Boomers Wore Their Winterwear Well

Despite any recent prognostication by a groundhog, the calendar shows there are still plenty of winter days ahead. That got Mister Boomer thinking about the different types of winter coats he has had over the past six decades. Prior to the 1960s, practically all winter clothing was made from natural materials, but the introduction of synthetic fabrics to make winter clothes coincided with the rise of the Boomer Generation.

Well into the 1960s, the majority of men’s winter coats were still made from wool, cotton, leather, suede or sheepskin, with wool being the predominant material in Mister Boomer’s neck of the woods. Stuffing and lining, when present, was either animal fur or down.

The DuPont Corporation developed an acrylic fabric in the 1940s, but it was the 1950s before the first practical acrylic fabrics began being used to make clothing. Its first uses were for linings, such as gloves and boots, and sweaters. Acrylic had advantages over wool in that the clothing was more lightweight and moisture-resistant, while still keeping the wearer warm. It could also mimic real wool, and was soft to the touch. Plus, acrylic fabrics generally held up well to repeated washing, and maintained lightfastness with less fading. As the 1950s became the 1960s, the affordability of acrylic fabrics, especially in versions made to feel like materials such as cashmere, became less expensive for growing boomer families. Besides, a bonus for boomer moms was that acrylic coats were not prone to moth damage once stored in the off-season.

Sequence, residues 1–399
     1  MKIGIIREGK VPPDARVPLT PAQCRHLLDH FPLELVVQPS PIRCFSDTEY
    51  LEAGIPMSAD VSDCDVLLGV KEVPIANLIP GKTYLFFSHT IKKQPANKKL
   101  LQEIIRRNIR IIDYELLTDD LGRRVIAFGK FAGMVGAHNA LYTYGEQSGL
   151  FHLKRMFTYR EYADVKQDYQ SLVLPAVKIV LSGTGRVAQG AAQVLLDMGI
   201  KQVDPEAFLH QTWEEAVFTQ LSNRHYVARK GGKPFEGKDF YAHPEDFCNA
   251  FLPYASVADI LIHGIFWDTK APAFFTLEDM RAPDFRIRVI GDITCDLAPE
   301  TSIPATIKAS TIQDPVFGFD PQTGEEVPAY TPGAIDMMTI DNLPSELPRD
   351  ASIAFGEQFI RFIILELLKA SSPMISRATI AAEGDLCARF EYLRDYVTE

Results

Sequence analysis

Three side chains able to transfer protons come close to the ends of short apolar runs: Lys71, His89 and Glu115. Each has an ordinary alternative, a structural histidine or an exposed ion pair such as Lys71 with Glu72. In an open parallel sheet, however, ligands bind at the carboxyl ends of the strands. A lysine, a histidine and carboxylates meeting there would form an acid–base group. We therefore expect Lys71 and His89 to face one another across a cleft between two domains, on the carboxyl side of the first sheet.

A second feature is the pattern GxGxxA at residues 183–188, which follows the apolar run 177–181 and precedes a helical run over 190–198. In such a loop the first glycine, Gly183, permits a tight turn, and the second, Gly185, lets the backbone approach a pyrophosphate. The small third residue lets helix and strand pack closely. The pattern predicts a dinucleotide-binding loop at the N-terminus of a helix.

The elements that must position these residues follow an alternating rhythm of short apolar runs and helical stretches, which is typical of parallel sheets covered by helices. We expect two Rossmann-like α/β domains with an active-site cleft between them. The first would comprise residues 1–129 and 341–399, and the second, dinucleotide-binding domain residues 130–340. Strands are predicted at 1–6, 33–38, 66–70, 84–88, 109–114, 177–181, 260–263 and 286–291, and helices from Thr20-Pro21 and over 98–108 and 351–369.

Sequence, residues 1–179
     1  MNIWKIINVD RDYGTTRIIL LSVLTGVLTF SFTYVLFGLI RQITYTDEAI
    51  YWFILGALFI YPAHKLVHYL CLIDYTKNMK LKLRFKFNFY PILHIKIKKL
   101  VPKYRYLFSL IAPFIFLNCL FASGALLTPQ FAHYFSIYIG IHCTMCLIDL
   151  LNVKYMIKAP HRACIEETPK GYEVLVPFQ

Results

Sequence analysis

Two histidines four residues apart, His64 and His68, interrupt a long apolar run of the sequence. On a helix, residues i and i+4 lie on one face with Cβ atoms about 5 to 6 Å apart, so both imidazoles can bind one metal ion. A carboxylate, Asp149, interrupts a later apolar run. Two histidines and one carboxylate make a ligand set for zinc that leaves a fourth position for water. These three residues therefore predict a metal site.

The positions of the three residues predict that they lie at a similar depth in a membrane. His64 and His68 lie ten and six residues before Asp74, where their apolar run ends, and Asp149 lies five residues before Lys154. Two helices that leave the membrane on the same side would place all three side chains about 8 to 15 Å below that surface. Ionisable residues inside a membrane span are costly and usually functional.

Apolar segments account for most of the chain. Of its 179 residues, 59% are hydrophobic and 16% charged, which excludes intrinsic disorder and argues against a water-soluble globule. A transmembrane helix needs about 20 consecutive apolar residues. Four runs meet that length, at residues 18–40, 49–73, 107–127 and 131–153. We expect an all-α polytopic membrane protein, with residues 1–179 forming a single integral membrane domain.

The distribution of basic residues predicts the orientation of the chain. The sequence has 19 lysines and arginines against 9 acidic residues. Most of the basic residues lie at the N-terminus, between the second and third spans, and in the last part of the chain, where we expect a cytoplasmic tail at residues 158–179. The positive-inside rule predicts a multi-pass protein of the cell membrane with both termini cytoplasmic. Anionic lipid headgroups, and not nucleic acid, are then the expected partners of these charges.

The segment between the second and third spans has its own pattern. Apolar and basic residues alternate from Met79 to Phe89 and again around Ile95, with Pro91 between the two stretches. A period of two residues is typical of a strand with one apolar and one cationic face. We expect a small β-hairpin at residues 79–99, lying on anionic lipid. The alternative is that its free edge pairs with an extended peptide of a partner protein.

Mister Boomer has vivid memories of most of the winter coats he had from the time he walked to kindergarten with his older brother. From those early days through his elementary school years, Mister B’s coats were made of wool or corduroy (a heavy cotton). Sweaters worn under the coats were made of wool or cotton. As boomers will recall, wool sweaters could be an itchy annoyance throughout the school day. Nonetheless, drafty classrooms and daily outdoor recess required that children wear warm clothing throughout the day.

Once Mister Boomer was in high school, he had an inkling of a fashion sense that was directly influenced by Brother Boomer. A few years older than Mister B, Brother Boomer had his eyes open to 1960s fashion, beginning with a Beatles’ style suit. Nonetheless, Mister Boomer’s father generally dressed quite conservatively, so standard winter coats and jackets remained the order of the day.

Sometime in the late sixties, Brother Boomer bought a synthetic suede bomber-style jacket with an acrylic-fur collar and lining (he had been working part-time by then). Mister B had to have the same one, and somehow his parents agreed. Up until that point, most of his winter coats had been three-quarter length, so now this jacket made an unwelcome difference on colder mornings as well as for outdoor play. After two or three years, he outgrew the jacket and went back to longer coats.